A team of researchers from the University of British Columbia (UBC) in close partnership with the Provincial Health Services Authority (PHSA) Therapeutic Evaluation Unit recently released the results of their study in the Journal of American College of Cardiology. The team found that the patients who have been prescribed with fluoroquinolone antibiotics, such as Ciproflaxacin also known as Cipro are at higher risk of developing mitral regurgitation. This is the process when the blood backflows into the heart. They compared these results to patients who are taking amoxicillin, another common type of antibiotic. The great risk is said to last within 30 days of use.
Fluoroquinolones is a much favored antibiotic over the others because of it shigh oral consumption and a broad sense of antibacterial activities. It is also an effective in many forms of ingestion including intravenous, treatment or the IV. Most physicians prefer it because they only need to prescribe a patient a once-a-day pill.
"This class has become a very convenient set of antibiotics. However, for most cases including community-related infections, these antibiotics are not really needed. Sadly, the inappropriate prescription of such antibiotics could lead to unwanted antibiotic resistance. Worse, it could lead patients to developing serious heart problems."said Mahyar Etminan, the lead author of the study. He is also an opthalmology and visual sciences faculty and associate professor from the faculty of medicine at UBC.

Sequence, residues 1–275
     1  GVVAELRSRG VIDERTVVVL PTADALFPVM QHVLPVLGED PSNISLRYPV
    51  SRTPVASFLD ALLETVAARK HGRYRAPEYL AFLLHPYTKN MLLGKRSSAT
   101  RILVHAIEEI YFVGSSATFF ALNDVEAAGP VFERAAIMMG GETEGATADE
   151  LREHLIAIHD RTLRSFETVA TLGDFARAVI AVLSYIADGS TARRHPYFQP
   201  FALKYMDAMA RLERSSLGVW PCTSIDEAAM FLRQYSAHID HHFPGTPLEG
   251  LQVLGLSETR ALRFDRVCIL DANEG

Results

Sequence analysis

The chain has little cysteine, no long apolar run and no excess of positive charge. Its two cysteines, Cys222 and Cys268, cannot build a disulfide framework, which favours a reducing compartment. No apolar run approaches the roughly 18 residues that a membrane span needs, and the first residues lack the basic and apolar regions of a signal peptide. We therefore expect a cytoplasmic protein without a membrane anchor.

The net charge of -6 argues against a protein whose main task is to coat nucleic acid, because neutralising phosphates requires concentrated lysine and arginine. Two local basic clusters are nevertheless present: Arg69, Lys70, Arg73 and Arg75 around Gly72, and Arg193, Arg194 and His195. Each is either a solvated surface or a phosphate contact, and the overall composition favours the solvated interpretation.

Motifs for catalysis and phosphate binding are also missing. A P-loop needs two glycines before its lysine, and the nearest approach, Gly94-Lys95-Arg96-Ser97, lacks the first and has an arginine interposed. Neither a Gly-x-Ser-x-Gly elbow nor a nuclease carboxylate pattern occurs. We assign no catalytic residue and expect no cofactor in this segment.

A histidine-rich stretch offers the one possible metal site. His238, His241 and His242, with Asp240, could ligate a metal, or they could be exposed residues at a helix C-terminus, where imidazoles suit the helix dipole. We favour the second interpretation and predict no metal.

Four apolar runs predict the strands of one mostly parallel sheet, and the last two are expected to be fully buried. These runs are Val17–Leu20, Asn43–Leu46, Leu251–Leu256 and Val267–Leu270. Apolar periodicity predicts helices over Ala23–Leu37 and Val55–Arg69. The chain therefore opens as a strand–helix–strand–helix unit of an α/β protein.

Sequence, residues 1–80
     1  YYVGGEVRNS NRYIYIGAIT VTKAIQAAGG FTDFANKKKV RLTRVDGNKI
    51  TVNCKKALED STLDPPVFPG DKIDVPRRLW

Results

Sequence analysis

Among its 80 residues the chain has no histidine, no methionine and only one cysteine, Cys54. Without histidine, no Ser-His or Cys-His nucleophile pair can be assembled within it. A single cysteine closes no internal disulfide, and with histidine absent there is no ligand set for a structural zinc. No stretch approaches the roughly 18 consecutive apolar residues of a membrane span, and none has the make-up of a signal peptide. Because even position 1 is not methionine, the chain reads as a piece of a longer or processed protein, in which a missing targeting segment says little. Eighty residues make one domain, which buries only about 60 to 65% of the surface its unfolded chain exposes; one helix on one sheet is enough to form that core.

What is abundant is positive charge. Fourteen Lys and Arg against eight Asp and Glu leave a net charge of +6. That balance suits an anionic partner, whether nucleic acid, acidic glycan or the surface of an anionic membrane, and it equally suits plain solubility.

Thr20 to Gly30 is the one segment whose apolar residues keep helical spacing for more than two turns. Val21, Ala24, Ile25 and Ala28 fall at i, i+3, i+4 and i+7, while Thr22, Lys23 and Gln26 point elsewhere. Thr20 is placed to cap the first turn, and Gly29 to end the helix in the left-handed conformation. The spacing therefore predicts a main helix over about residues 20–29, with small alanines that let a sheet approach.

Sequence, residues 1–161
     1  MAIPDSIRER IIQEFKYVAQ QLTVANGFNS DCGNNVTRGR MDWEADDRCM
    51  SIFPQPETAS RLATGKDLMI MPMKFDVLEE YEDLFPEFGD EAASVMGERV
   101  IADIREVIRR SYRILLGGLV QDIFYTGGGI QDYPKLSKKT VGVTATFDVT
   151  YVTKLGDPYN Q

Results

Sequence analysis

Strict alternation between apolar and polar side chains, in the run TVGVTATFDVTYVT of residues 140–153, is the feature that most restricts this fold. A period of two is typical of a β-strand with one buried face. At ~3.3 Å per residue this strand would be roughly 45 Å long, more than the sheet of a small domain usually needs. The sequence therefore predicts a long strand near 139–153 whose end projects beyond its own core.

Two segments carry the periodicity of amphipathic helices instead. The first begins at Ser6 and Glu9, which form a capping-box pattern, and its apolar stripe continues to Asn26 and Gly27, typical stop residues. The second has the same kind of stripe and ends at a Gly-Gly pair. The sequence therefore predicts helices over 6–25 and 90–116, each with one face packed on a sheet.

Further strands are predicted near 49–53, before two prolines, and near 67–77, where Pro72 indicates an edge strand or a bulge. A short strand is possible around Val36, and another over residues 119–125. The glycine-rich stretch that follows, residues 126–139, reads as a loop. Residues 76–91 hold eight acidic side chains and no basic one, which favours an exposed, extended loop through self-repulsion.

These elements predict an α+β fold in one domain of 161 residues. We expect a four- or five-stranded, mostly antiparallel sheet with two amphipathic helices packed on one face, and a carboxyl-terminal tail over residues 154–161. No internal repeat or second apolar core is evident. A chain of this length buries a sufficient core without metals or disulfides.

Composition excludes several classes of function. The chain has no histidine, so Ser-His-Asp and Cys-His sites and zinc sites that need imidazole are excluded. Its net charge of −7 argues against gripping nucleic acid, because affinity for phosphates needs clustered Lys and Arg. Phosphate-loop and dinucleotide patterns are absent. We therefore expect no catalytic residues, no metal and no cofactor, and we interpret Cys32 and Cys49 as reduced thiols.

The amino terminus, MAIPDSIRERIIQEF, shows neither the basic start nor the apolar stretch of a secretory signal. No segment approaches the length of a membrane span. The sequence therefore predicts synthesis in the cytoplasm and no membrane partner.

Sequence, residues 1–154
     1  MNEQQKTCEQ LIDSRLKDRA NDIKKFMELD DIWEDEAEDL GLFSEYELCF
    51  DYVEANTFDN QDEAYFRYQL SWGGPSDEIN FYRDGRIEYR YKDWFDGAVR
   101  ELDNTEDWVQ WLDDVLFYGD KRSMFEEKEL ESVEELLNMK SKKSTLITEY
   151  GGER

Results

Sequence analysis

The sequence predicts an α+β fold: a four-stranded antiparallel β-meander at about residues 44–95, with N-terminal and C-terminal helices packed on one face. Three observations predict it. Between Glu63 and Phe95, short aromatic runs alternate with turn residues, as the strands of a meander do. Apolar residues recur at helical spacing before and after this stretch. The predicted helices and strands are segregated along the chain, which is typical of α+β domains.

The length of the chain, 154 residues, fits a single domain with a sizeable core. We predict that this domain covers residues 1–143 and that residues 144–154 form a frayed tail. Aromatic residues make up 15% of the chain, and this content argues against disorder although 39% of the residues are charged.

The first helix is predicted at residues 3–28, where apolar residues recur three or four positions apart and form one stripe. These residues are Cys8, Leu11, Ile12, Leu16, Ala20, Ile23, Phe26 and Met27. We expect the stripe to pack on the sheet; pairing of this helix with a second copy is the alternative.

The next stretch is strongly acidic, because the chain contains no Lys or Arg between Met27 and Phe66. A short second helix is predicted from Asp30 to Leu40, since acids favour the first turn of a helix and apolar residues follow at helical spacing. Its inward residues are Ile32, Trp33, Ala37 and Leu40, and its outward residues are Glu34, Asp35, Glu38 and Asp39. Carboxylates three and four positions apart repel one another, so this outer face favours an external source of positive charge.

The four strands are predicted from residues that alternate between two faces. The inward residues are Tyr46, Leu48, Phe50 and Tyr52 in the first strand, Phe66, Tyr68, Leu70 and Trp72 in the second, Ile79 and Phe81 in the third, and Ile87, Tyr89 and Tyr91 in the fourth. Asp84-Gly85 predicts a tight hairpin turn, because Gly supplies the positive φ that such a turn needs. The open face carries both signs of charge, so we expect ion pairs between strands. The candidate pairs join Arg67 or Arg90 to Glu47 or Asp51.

The researchers of the study remain hopeful that people working for the betterment of public health as well as physicians in treating their patients. If ever they come across patients with cardiac issues when no other cause is found they will know that their prescription of fluoroquinolone antibiotics may be potentially be the reason why.
"The Therapeutic Evaluation Unit is aimed at evaluating different drugs as well as health care technologies to determine how they help enhance the health care experience delivered by the programs we provide," said Dr. Bruce Carleton, research director at the BC Children's Hospital. This study highlights the importance of thoughtful and mindful prescription of antibiotics, because physicians must know that these medicines could sometimes post threats in a person's general health. "As a result, the team will continue to work with the BC Antimicrobial Stewardship Committee to reduce inappropriate prescription of medications under this class of antibiotics," he said.
The research team used the data they collected from the US Food and Drug Administration. They also included the data they have gathered from private insurance corporations, particularly the health claims database. The study was funded by the Therapeutic Evaluation Unit of the Provincial Health Services Authority.